- Tuskegee produces the most Africa-American graduates in Science, Engineering, and Math within the state of Alabama.
6. Florida A&M University (Tallahassee, FL)
Located in Tallahassee, Florida, Florida A&M was founded in 1887. Not only is the university part of the State University System of Florida, but it also is an accredited university by the Southern Association of Colleges and Schools Commission on Colleges. The university has an enrollment of over 10,000 students, which come from more than 70 countries.
The university accepts students of all races and walks of life. The “agriculture and mechanical” designation only scratches the surface. Florida A&M offers degrees in over 60 areas of study, including psychology, journalism, and architecture. There are also graduate degrees covering engineering, law, and education.
FAMU separates itself through its affordable, high-quality education with a full range of services and programs for students. FAMU also has multiple satellite campuses throughout the state, including the following:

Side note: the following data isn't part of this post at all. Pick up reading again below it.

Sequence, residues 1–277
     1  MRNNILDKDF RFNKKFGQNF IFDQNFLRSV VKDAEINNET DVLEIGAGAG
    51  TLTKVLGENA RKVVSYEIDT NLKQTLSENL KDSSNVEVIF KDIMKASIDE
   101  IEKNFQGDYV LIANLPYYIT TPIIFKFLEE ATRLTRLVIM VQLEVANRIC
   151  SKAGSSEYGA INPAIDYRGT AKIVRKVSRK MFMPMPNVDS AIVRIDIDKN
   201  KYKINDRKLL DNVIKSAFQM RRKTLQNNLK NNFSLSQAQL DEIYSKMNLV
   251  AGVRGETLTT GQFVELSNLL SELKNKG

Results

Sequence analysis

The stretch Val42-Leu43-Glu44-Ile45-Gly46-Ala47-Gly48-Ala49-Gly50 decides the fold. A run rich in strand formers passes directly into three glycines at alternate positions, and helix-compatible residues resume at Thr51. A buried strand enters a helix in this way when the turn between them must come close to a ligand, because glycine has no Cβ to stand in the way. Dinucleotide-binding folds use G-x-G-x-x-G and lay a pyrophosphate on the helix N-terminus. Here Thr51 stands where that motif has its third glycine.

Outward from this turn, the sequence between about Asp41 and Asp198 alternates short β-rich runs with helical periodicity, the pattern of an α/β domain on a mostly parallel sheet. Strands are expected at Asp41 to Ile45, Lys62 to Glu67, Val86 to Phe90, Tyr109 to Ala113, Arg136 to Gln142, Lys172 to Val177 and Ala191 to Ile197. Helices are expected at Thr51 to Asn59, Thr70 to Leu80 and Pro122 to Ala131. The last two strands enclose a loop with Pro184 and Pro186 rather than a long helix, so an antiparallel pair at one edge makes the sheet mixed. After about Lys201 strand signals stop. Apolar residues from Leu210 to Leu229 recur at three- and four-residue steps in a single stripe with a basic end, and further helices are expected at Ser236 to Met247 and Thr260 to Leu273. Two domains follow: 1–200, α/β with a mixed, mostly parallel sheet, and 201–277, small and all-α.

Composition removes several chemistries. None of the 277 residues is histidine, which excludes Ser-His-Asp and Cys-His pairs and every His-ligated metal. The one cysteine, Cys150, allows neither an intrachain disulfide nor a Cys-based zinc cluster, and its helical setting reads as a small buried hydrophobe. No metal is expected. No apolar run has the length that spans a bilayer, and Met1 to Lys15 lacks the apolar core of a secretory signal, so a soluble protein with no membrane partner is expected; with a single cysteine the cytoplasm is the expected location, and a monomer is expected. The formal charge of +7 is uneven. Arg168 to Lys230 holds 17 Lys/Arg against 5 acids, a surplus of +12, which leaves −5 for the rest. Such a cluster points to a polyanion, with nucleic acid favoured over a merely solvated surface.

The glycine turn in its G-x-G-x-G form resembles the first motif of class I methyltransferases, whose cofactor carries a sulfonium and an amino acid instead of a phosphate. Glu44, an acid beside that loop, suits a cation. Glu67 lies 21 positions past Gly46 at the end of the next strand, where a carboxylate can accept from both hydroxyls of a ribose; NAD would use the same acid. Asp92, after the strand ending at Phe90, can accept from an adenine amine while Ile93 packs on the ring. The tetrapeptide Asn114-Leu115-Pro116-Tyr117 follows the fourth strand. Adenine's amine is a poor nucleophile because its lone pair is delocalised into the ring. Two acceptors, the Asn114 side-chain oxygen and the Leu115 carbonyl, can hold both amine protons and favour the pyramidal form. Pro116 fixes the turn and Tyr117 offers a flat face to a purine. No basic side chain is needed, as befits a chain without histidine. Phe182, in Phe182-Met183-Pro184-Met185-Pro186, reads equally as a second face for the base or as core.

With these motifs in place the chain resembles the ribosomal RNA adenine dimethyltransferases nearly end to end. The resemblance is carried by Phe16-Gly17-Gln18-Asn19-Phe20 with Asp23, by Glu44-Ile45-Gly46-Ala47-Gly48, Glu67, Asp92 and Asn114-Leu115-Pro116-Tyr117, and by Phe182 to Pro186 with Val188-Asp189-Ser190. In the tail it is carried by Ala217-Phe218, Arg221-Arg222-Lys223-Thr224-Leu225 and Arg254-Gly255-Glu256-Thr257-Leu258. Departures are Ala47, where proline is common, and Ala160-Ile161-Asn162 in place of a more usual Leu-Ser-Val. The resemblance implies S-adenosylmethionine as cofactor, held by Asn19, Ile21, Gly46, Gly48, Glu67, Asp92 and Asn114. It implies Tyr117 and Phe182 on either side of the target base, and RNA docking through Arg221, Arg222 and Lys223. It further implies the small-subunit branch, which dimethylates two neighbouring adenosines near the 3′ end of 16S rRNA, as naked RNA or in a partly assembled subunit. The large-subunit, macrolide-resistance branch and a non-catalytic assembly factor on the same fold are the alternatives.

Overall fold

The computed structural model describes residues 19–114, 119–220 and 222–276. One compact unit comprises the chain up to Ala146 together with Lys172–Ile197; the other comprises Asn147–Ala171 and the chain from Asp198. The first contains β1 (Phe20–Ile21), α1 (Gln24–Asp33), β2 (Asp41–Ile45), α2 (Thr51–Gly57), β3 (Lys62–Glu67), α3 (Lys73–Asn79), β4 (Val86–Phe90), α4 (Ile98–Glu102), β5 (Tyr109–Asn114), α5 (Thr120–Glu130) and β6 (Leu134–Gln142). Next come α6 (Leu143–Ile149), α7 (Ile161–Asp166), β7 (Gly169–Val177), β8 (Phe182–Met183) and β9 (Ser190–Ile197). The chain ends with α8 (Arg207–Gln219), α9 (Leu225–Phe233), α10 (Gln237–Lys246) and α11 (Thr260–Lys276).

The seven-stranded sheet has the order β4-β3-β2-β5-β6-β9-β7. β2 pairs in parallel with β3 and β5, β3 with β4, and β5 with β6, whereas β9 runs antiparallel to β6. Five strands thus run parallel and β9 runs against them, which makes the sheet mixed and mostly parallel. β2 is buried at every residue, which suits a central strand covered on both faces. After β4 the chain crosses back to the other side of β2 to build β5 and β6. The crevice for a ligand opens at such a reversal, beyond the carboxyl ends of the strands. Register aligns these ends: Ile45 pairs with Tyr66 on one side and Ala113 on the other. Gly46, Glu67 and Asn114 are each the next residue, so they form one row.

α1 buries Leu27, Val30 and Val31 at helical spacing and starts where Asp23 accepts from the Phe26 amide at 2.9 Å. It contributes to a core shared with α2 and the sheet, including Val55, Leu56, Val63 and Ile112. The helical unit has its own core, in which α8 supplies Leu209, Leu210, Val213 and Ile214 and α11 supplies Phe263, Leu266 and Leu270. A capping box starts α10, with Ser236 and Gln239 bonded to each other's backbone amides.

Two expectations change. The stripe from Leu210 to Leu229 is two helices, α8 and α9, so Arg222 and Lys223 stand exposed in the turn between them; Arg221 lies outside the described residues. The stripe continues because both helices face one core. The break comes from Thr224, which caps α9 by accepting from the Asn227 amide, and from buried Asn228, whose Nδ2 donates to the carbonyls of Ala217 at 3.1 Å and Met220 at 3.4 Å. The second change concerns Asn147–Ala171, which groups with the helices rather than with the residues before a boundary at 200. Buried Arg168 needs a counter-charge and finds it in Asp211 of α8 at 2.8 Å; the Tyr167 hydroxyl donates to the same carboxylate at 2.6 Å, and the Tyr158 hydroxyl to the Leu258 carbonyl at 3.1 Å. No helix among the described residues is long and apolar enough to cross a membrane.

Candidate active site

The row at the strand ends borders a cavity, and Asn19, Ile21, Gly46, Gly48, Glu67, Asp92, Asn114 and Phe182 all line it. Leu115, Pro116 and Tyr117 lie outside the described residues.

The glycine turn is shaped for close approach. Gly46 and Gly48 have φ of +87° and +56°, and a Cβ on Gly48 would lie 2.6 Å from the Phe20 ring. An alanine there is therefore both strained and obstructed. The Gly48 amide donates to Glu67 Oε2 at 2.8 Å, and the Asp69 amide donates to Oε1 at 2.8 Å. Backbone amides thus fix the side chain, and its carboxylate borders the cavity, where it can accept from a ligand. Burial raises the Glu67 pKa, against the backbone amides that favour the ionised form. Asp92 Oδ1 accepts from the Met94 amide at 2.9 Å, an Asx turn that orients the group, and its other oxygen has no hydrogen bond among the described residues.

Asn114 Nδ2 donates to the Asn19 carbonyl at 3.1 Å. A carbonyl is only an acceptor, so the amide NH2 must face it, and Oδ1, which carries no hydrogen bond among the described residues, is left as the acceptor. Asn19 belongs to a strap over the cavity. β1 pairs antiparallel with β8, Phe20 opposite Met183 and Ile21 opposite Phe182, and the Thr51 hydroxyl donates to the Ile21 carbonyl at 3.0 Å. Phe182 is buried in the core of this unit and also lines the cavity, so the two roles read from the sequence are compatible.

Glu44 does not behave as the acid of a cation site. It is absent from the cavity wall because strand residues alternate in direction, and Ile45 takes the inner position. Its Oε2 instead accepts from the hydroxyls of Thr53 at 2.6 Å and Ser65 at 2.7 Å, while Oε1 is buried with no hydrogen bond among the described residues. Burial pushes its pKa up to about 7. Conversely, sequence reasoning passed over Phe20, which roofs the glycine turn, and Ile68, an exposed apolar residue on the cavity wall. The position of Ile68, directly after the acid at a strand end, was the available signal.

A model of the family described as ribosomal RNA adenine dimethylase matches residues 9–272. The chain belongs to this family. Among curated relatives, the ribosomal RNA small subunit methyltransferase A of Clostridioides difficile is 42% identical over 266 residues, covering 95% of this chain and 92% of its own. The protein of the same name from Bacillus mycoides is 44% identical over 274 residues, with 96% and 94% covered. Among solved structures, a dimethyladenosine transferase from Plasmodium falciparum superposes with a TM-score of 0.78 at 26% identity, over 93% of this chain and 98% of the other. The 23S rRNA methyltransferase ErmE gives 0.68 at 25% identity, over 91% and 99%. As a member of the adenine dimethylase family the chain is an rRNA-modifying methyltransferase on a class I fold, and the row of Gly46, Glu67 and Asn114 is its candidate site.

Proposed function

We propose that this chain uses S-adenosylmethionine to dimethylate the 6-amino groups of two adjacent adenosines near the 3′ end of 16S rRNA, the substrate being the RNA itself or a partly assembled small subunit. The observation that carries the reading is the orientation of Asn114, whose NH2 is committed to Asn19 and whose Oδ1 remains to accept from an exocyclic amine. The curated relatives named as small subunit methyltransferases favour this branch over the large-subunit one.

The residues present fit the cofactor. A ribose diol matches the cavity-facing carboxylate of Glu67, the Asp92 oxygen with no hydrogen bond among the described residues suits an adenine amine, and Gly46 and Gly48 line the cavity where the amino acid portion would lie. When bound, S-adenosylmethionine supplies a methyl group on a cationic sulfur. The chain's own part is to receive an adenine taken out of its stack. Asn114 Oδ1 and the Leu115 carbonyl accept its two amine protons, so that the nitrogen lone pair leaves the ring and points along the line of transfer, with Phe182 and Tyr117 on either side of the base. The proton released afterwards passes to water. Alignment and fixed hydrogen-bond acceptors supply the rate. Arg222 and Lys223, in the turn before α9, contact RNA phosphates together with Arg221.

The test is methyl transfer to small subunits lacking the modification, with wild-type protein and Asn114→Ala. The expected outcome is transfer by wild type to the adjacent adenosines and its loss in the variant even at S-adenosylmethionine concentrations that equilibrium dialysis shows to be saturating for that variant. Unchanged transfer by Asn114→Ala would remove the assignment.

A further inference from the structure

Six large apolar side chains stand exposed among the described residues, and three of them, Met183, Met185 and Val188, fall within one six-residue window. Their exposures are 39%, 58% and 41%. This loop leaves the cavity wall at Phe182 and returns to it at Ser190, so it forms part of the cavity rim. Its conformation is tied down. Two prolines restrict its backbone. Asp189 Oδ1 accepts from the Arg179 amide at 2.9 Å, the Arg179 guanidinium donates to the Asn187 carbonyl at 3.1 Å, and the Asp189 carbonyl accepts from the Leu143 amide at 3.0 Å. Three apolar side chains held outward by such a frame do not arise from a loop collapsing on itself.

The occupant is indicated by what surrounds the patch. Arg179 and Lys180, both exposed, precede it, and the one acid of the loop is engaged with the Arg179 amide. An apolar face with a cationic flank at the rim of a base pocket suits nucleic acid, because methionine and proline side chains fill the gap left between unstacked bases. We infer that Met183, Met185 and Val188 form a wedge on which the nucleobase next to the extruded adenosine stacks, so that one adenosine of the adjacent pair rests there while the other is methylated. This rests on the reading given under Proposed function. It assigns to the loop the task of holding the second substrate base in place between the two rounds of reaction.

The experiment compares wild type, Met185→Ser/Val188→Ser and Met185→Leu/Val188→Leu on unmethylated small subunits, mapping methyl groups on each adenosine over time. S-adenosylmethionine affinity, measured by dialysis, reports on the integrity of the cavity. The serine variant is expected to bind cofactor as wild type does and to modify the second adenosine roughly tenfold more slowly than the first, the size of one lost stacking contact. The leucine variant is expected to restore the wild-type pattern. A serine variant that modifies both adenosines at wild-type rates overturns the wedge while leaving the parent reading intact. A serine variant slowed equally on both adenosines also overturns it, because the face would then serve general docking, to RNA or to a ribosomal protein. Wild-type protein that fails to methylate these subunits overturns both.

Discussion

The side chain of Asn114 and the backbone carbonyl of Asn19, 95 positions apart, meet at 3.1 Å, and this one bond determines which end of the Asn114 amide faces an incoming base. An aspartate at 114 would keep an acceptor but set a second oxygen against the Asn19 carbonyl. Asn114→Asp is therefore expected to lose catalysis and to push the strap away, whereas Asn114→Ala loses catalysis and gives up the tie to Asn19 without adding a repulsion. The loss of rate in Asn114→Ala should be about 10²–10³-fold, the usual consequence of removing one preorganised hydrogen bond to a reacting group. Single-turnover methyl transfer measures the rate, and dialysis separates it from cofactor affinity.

- College of Law (Orlando)
- College of Pharmacy and Pharmaceutical Sciences
- Institute of Public Health (Crestview, Tampa, Jacksonville, Miami)
7. Fisk University (Nashville, TN)
Fisk University, located in Nashville, Tennessee, was founded in 1866. The urban campus enrolls only 879 students as of 2020, but still has a lot to offer. Because of the smaller enrollment size, the classes are smaller, enabling more intimate discussion within the classes.
The university offers over 20 undergraduate programs for students, including psychology, political science, government, physics, English language and literature, music, biochemistry, molecular biology, and more. Even better, Fisk University has a partnership with Vanderbilt University, where students can take advantage of Master’s and Ph.D. programs.
Fisk University’s campus life is also the perfect environment to hone their leadership skills, and character, and establish discipline. There are over 30 student organizations to choose from. There is also a full schedule of events for students to attend.
8. Delaware State University (Dover, DE)
Founded in 1891, Delaware State University enrolls over 4,131 students as of the 2020 fall semester. Built on 356 acres, the campus features historic buildings. There is also a team of dynamic researchers who are fostering innovations in the areas of military defense, agriculture, medicine, and more.
DSU currently provides 46 undergraduate degree programs, including 21 master’s degree programs.